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Feb 16, 2024

Black Sesame Shokupan (Japanese Milk Bread with Yudane)

This black sesame shokupan (Japanese milk bread) is soft and fluffy. It's ideal for breakfast toast and sandwiches. 

Black Sesame Shokupan slices with a partial loaf.


With a nutty and slightly sweet flavor, this bread smells heavenly. You'll love spreading the first slice with soft, salted butter and devouring it then and there. 

This bread is soft and squishy and stays fresh for days because of the magical yudane in the dough. 

Whole loaf of Black Sesame Bread.

If you're looking for a fabulous bread for sandwiches and toast that is soft and flavorful, this Japanese milk bread will make you very happy. 

What is Shokupan?

Shokupan is a Japanese milk bread that uses a yudane to help make a soft and fluffy bread that stays fresh longer. It's kind of the Japanese verson of Wonder Bread, only way better. 

The yudane method involves taking about 20 percent of the flour in the dough and combining it with boiling water and kneading both together. The heat from the boiling water gelatinizes the starch in the flour to help keep the moisture in the finished bread.

It's similar to using a tangzhong but with a tangzhong, you create a "roux" by cooking liquid and flour together to 149 degrees F, let it cool, and then add it to the dough. Typically, the ratio of flour to liquid in a tangzhong is around 1 part flour to 5 parts liquid, and the tangzhong has a custardy consistency.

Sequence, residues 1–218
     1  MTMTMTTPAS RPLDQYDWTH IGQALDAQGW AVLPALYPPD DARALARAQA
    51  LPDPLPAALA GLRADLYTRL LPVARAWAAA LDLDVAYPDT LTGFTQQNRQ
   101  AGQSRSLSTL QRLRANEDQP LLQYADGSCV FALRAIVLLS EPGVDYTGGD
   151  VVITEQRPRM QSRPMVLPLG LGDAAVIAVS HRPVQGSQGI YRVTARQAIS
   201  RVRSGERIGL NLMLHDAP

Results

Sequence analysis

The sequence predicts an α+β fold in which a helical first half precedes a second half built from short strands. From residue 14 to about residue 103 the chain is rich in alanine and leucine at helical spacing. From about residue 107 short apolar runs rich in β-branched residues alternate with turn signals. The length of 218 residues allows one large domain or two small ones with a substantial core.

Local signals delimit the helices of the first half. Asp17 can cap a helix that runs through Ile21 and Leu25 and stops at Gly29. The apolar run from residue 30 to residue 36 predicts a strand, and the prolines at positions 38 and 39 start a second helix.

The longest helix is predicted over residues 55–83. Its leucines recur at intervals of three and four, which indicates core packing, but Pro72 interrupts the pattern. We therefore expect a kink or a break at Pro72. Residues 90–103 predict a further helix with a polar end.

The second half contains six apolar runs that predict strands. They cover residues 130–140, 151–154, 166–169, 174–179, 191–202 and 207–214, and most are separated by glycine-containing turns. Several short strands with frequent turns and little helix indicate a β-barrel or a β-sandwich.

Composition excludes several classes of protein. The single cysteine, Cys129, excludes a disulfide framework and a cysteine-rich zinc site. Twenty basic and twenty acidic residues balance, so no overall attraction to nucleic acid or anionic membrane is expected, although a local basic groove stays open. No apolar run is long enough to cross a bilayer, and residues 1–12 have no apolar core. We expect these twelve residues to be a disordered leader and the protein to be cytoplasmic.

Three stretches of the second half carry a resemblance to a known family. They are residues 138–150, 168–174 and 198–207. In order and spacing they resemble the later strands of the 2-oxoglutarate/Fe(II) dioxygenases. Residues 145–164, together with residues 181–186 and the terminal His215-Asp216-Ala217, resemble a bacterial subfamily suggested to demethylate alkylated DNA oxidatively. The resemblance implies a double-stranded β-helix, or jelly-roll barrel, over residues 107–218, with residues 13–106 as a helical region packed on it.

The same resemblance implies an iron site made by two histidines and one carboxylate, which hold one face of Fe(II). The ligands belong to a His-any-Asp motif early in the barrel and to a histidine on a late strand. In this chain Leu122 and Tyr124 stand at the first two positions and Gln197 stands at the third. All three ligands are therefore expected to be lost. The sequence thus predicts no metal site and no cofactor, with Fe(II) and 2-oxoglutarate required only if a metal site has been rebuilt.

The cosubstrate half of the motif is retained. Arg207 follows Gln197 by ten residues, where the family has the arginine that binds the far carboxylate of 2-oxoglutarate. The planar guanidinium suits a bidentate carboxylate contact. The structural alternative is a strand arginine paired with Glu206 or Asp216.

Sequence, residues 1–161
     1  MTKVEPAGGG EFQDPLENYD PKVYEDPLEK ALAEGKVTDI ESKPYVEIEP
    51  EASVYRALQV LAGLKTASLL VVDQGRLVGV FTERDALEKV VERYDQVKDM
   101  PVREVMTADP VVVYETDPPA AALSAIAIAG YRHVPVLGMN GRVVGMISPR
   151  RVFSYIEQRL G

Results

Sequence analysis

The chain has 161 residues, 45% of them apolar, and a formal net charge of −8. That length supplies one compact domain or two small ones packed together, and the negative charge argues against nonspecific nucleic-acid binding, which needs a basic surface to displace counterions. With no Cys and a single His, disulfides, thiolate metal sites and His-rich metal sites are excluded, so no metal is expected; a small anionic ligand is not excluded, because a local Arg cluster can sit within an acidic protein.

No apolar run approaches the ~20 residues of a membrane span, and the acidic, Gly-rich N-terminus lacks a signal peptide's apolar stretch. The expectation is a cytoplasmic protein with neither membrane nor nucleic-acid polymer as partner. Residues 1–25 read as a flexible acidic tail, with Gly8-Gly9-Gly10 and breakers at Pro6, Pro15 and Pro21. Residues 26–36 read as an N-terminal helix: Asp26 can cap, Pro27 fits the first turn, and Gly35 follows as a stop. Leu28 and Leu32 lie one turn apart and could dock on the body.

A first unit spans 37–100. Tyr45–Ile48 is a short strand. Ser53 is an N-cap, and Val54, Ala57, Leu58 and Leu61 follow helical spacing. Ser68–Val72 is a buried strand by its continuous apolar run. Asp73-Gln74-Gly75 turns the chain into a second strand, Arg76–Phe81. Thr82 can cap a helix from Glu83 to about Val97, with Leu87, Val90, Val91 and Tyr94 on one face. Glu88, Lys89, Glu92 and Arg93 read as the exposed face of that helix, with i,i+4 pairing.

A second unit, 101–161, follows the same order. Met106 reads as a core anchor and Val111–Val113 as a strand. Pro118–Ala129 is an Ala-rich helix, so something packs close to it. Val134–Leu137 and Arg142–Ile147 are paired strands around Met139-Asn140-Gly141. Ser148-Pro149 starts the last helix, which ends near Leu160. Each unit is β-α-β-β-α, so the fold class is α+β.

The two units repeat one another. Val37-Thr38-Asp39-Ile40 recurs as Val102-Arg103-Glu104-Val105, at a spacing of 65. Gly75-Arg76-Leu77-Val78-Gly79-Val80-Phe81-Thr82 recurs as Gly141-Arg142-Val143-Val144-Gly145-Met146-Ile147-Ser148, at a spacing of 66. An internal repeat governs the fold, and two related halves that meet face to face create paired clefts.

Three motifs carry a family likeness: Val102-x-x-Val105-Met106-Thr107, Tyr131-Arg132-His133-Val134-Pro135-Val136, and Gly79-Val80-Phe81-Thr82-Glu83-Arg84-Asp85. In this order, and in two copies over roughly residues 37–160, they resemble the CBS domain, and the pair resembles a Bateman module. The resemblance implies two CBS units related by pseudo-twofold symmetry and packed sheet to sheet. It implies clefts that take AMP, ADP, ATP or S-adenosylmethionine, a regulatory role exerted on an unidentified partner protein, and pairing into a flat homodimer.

Sections of Japanese milk bread torn apart.

Yudane vs. Tangzhong:

Both methods create the softest, fluffiest breads. I can't really tell the difference in the final result, but the yudane method is a bit easier. in that you don't need a thermometer to cook the liquid and flour to exactly 149 degrees. You just have to pour boiling water over flour and mix everything together. 

On the flip side, You do have to wait several hours (at least four and preferably more) before you can use the yudane. You can use the tangzhong as soon as it cools or save it for later. 

Japanese milk bread, made either way, is wonderful. 

Black Sesame shokupan slices

While bread is not necessarily traditionally Japanese, evidentally wheat (and bread) was introduced to Japan by the United States after World War II during a famine caused by a rice shortage. 

Japan has adapted many western dishes, including curry beef (from the British, who adapted it from India), beef steak, kare pan (curry filled bread), potato salad, and the egg salad sando (sandwich).